Dr Laura Smoliar is a Founding Partner at The Berkeley Catalyst Fund where she focuses on pre-seed and seed stage companies in biopharma, agriculture, medical device, clean air, clean water, energy storage, and sensors.
Laura will be sharing her knowledge on trends and investment opportunities in visual technologies as a panelist and startup competition judge at the 6th Annual LDV Vision Summit May 22 & 23. Regular tickets are available through May 12 , get yours now to come see Laura and +60 other top speakers discuss the cutting edge in visual tech.
In lead up to our Summit, Evan Nisselson, General Partner at LDV Capital asked Laura some questions about her experience investing in visual tech and what she is looking forward to at our Vision Summit...
Evan: You recently co-founded The Berkeley Catalyst Fund with a hybrid fund structure which invests in Seed/Series A companies and includes a sister philanthropic fund. Can you tell us what is unique about your fund, why you created this hybrid structure and what sectors you are focusing in?
Laura: The Berkeley Catalyst Fund (BCF) is a standard GP/LP venture capital fund with a sister philanthropic fund managed by the UC Berkeley Foundation, which is an LP in the BCF. The UC Berkeley Foundation enables donors to contribute to building the entrepreneurial ecosystem, and we share returns on the fund with the UC Berkeley Foundation for the benefit of the College of Chemistry at UC Berkeley. Our hybrid structure allows us to comply with tax laws and conflict of interest rules; it is now being replicated in other parts of the University of California System. BCF has a sector focus on life sciences, cleantech, agriculture, and sensors. We source broadly in the Bay Area ecosystem and do not require a connection to UC Berkeley.
Evan: You have entrepreneurial experience as founder of Mobius Photonics which was acquired by public company IPG Photonics. You have worked in diverse hardware industries including data storage, displays, lasers, and biotech instrumentation. Which aspects of your expertise do you believe helps you empower entrepreneurs to succeed and why? Are there certain types of entrepreneurs that you prefer working with?
Laura: I have managed many complex engineering development programs that require cross-functional teams covering different areas of expertise. Many of these included international partners. That past experience is often helpful to the entrepreneurs I work with now.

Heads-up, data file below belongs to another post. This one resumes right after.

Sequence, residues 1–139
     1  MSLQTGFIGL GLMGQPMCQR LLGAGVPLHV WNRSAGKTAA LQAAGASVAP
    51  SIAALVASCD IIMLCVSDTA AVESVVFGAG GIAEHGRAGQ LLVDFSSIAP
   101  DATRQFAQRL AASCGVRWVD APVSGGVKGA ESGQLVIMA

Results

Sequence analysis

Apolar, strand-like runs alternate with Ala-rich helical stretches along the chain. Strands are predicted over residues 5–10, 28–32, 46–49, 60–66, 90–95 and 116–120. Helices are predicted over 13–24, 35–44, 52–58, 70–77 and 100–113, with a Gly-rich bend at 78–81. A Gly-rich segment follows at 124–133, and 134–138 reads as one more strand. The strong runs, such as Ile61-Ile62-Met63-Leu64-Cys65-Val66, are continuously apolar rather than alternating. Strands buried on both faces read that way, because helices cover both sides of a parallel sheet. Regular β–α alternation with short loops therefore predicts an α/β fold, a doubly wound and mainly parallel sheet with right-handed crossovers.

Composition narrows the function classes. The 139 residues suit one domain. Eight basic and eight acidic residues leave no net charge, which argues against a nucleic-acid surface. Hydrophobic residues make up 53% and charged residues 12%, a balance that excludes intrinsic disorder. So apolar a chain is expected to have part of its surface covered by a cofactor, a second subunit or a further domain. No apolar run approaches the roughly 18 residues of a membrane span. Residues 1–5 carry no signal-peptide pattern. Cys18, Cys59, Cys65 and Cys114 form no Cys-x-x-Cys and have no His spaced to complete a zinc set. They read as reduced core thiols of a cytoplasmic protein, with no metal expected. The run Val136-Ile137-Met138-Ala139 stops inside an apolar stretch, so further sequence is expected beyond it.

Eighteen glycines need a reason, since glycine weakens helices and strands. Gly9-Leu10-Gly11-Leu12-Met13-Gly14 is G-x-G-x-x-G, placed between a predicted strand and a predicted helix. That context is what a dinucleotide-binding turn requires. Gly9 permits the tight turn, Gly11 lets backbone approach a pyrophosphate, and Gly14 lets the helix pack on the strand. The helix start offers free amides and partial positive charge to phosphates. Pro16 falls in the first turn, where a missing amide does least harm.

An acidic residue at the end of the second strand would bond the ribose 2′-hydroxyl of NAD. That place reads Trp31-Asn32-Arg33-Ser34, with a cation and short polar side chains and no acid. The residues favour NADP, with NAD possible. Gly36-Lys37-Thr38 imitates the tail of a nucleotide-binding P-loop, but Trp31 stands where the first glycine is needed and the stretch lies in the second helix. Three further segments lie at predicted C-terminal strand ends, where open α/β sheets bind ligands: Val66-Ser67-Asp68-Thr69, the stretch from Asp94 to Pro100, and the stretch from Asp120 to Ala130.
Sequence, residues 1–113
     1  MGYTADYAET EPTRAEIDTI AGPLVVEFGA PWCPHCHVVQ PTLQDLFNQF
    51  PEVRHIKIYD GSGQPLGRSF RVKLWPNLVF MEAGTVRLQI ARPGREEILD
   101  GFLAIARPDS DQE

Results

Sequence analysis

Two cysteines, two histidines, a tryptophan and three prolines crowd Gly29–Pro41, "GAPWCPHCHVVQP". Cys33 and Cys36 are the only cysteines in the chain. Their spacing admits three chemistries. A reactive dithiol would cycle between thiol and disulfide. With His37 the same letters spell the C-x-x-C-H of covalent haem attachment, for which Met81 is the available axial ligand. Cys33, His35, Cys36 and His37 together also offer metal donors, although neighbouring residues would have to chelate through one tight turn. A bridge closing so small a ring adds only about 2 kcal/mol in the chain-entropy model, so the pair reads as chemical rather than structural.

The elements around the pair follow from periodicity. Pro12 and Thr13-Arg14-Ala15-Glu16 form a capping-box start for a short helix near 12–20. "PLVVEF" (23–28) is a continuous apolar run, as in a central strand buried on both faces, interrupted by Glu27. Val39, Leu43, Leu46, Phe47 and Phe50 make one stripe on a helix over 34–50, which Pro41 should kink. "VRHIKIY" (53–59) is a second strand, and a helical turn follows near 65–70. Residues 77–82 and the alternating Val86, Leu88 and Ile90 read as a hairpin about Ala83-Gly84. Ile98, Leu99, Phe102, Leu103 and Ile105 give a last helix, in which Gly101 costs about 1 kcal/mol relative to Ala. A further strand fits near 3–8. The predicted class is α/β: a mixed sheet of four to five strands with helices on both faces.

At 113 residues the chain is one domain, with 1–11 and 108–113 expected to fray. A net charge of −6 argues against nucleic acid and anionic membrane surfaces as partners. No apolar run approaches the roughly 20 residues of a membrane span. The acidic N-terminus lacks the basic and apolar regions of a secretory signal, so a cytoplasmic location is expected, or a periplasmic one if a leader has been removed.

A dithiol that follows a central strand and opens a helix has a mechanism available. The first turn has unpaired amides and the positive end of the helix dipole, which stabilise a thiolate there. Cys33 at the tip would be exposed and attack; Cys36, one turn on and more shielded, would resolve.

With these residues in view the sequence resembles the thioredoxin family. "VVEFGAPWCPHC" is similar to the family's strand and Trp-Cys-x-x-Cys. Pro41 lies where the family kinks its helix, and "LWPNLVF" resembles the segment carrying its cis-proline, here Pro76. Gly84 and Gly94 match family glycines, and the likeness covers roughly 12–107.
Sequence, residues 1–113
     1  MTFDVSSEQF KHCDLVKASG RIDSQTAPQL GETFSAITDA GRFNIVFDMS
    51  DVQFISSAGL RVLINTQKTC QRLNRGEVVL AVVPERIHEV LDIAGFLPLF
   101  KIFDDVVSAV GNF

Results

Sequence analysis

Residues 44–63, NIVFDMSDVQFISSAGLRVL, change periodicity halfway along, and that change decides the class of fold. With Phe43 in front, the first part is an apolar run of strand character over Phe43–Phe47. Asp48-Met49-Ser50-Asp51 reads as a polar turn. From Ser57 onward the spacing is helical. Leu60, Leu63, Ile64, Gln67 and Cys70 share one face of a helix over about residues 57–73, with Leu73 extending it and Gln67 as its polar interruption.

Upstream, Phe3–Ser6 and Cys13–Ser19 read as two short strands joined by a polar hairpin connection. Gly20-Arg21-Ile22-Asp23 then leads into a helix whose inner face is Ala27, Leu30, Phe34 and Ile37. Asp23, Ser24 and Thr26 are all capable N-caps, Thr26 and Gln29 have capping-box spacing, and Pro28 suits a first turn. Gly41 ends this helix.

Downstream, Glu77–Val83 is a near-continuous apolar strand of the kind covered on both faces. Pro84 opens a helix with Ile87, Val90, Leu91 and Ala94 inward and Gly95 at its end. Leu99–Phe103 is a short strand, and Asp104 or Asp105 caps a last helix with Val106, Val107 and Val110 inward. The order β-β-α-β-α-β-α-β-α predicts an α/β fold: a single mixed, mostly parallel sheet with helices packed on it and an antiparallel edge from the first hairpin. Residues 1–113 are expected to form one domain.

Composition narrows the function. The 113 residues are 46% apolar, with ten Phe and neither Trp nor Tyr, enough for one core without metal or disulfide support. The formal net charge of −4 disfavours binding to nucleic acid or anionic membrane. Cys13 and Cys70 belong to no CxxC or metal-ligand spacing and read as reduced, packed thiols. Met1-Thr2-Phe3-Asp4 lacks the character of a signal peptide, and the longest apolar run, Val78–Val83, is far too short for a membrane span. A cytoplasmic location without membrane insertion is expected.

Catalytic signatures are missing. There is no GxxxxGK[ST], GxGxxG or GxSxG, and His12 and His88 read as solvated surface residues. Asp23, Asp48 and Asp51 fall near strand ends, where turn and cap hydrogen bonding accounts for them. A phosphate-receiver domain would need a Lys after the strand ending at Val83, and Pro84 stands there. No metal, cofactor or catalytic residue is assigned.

I like to work with entrepreneurs that see investors as part of the team, who are open and transparent, and who like to solve problems together. I work with first time entrepreneurs as well as very seasoned CEOs in the portfolio, and I enjoy working with both.
Evan: You invested in Invenio Imaging. We recently published an in depth report on how Nine Sectors Where Visual Technologies will Improve Healthcare by 2028. What excites you about Invenio Imaging and why did you choose to invest in them?
Laura: The Invenio team is very accomplished, very dedicated, and very impressive. We always look at team first. They understand their domain deeply, and they are solving an acute problem for surgeons by providing rapid digital pathology. The underlying fiber laser technology is very familiar for me as I worked in that field previously, and the development of AI for analyzing the images is exciting and has great potential in the future.
Evan: You have invested in other visual technology companies. Can you give us another example and what inspired you to invest?
Laura: We are also invested in a LIDAR company called Oyla. Again, we were drawn to the team, who have a successful track record and work well together. They also have a great board.
Evan: In the next 10 years - which business sectors will be the most disrupted by computer vision and why?
Laura: I see the confluence of more powerful imaging and detector technology plus AI strongly impacting medical and automotive sectors, two areas where we have invested, but also agriculture, advanced manufacturing, consumer electronics, and security. In all cases, processing information rapidly in a way that is actionable is enabled.
Evan: LDV Capital started in 2012 with the thesis of investing in people building visual technology businesses and some said it was “cute, niche and science fiction.” How would you characterize visual technologies today and tomorrow.
Laura: I agree that investing in people in the key. Visual technologies are progressing rapidly as computing power grows and is more accessible to all. I would say visual technologies are fundamentally enabling, allowing us to understand large data sets in relevant ways, more rapidly. This enables more informed decisions.
Evan: You frequently experience startup pitches. What is your one sentence advice to help entrepreneurs improve their odds for success.
Laura: We focus on the team first, so I am looking to understand what makes the entrepreneur tick. Why are they excited about what they are doing and can they get others to follow them? My advice: practice pitch on people outside of your field and make sure you can connect with them, excite them, and inspire them.
Evan: What are you most looking forward to at our 6th LDV Vision Summit?
Laura: I look forward to meeting early stage entrepreneurs and investors who are interested in vision in all its various forms.